Senator Janice Bowling has become a broadband hero in rural Tennessee and on the pages of MuniNetworks.org. Year after year, she introduces legislation aimed at expanding local authority to allow communities the ability to improve connectivity. She’s back this year with several bills aimed at expanding fiber in rural areas.
Seeking Better Connectivity…That’s All
Like Bowling’s past legislation, related bills SB 489, SB 490, and SB 494 grant municipal electric utilities the authority “to provide telecommunications service, including broadband service” and specifies that they can do so beyond their electric service area. This change in the current law would allow places like her own community of Tullahoma to expand to serve neighboring towns. There is no fiscal impact from the Senator’s bills.
Bowling has seen firsthand how access to fiber optic infrastructure, such as Tullahoma’s LightTUBe, lifts economic development, improves educational opportunities, and helps a local community reduce costs. The city has thrived since investing in the network in 2009, while many of the communities that have had to rely on subpar service from the larger incumbents have limped along.
SB 489 also extends authority for municipalities to collaboration for telecommunications and broadband service, to ease any uncertainty about public-private partnerships.
In her broadband bills, Senator Bowling defines “broadband” as 25 Megabits per second (Mbps) symmetrical, a move that illustrates the value of upload speeds in today’s economy. Rather than considering subscribers as consumers of Internet access, the Senator recognizes that their ability to send information is part of what drives the online economy.
Cooperative Questions Resolved
The bill also addresses some of the issues facing cooperatives, which are a increasingly developing Fiber-to-the-Home (FTTH) networks in rural areas of Tennessee and other states.
While electric co-ops would still be prohibited by state law from subsidizing broadband and telecom services with electric side revenues, SB 489 explicitly authorizes electric co-ops to offer such services. Additionally, the bill would remove the current requirement that an electric cooperative establish a separate subsidiary and offer broadband and telecom services through that subsidiary. Telephone cooperatives also receive explicit authority to construct broadband infrastructure and offer services.
The bill recognizes that cooperatives have enormous potential to bring high-quality Internet access to much of Tennessee’s rural areas. The language of SB 489 states that electric cooperatives have the authority to offer broadband beyond their service areas. SB 489 states that telephone cooperatives can supply telecommunications services and broadband beyond their “historic service area.”
Read the text of SB 489.
Not Yet, Tennessee
On March 5th, Senator Bowling spoke briefly before the Commerce and Labor Committee, where her bills were being discussed.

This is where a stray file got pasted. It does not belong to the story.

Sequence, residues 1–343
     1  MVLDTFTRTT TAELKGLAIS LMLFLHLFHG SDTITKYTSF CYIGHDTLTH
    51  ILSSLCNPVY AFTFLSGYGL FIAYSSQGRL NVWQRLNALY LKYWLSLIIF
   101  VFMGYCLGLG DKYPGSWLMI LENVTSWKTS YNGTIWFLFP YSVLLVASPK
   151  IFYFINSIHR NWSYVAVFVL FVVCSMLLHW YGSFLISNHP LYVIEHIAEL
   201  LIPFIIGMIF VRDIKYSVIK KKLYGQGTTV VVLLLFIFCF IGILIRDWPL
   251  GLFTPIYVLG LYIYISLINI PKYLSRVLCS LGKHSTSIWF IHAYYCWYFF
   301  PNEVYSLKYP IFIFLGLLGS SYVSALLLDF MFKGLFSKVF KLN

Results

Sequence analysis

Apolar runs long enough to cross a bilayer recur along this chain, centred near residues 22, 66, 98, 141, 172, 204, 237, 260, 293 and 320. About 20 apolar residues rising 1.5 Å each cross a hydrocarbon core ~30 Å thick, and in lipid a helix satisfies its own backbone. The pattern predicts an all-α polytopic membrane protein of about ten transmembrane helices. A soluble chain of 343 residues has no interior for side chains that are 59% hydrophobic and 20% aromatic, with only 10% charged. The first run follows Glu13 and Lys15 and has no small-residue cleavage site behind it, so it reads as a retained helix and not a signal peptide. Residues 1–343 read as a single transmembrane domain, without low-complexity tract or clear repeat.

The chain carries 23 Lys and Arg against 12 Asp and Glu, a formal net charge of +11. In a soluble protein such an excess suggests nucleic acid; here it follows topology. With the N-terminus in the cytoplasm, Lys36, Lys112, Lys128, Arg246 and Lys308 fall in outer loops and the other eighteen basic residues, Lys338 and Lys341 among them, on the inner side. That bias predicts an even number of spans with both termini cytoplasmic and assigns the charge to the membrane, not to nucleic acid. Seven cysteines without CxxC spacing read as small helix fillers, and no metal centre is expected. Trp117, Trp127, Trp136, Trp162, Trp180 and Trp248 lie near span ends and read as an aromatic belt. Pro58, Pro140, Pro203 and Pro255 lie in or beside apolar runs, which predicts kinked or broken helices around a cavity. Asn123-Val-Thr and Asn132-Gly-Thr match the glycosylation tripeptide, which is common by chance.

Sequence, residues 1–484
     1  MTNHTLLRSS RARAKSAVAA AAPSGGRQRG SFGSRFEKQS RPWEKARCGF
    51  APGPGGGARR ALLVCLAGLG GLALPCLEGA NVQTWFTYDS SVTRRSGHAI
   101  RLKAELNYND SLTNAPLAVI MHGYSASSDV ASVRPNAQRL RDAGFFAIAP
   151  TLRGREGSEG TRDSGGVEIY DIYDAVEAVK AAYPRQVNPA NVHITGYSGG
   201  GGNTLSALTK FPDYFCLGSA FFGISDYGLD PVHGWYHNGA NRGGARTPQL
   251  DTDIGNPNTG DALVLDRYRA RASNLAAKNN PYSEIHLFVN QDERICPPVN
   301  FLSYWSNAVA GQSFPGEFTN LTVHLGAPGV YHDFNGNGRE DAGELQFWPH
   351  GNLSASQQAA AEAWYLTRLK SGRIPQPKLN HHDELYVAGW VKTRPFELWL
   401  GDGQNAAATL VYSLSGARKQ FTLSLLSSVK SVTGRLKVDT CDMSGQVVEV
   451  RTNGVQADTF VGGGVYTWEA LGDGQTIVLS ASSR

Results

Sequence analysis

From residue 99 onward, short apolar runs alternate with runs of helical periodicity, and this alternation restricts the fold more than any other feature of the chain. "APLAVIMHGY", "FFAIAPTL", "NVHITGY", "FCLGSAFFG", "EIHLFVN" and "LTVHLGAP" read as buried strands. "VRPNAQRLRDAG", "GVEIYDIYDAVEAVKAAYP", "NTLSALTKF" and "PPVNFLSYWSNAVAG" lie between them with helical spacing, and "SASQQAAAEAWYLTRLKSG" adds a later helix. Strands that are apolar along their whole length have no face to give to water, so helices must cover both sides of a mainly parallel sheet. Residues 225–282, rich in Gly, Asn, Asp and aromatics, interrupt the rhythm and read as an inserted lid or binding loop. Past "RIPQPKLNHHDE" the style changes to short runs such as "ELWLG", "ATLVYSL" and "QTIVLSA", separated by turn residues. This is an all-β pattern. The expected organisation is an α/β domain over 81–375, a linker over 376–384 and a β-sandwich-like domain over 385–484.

She described how she had visited universities and colleges, including those in places where municipal utilities furnished the fiber connections they needed. In contrast, she was told by Tennessee Tech, where there is no fiber, that such infrastructure in the rural areas of the state would be the “biggest economic impact the state could have.”
She chose to bypass a vote and she moved the bill to the General Subcommittee because she felt none of the bills had the necessary support. Bowling said she thought that, rather than see the bills “go down in flames,” the better course is to educate legislators and constituents and approach the subject in the future.
Watch Bowling’s brief presentation to the Committee, which begins at 22:50:
Slow and Steady Wins the Race
Folks from the Jefferson County Broadband Action Group, like other rural grassroots organizations in the state, want to see the harmful Tennessee restriction lifted so local communities can do their part to expand fiber connectivity. In a March 6th post, they wrote a post describing SB 489, SB 490, and SB 494 and encouraged constituents to act:
…Please contact your Representatives and Senators to ensure that they co-sponsor or back these important bills! …[L]egislation passed in 2016 authorizing broadband to be supplied by telephone and electric cooperatives was a step in the right direction, but it didn't go nearly far enough to rapidly deploy fiber broadband to needy rural areas in the state of Tennessee. Many of these areas will be waiting for years to get fiber broadband at the current rate of deployment by the cooperatives.
Senator Bowling has decided to take a long-game approach to passing her bills. The time will allow ample opportunity for more constituents to contact their Senators and Representatives, to express their thoughts about supporting SB 489 and lifting Tennessee restrictions. If you’re interested in contacting your elected officials to express your thoughts about this bill and its companion, HB 821 from Rep. Iris Rudder, find your elected official at the Tennessee General Assembly website.
You can also join the Jefferson County Broadband Action Group on FB to get more updates in your FB feed.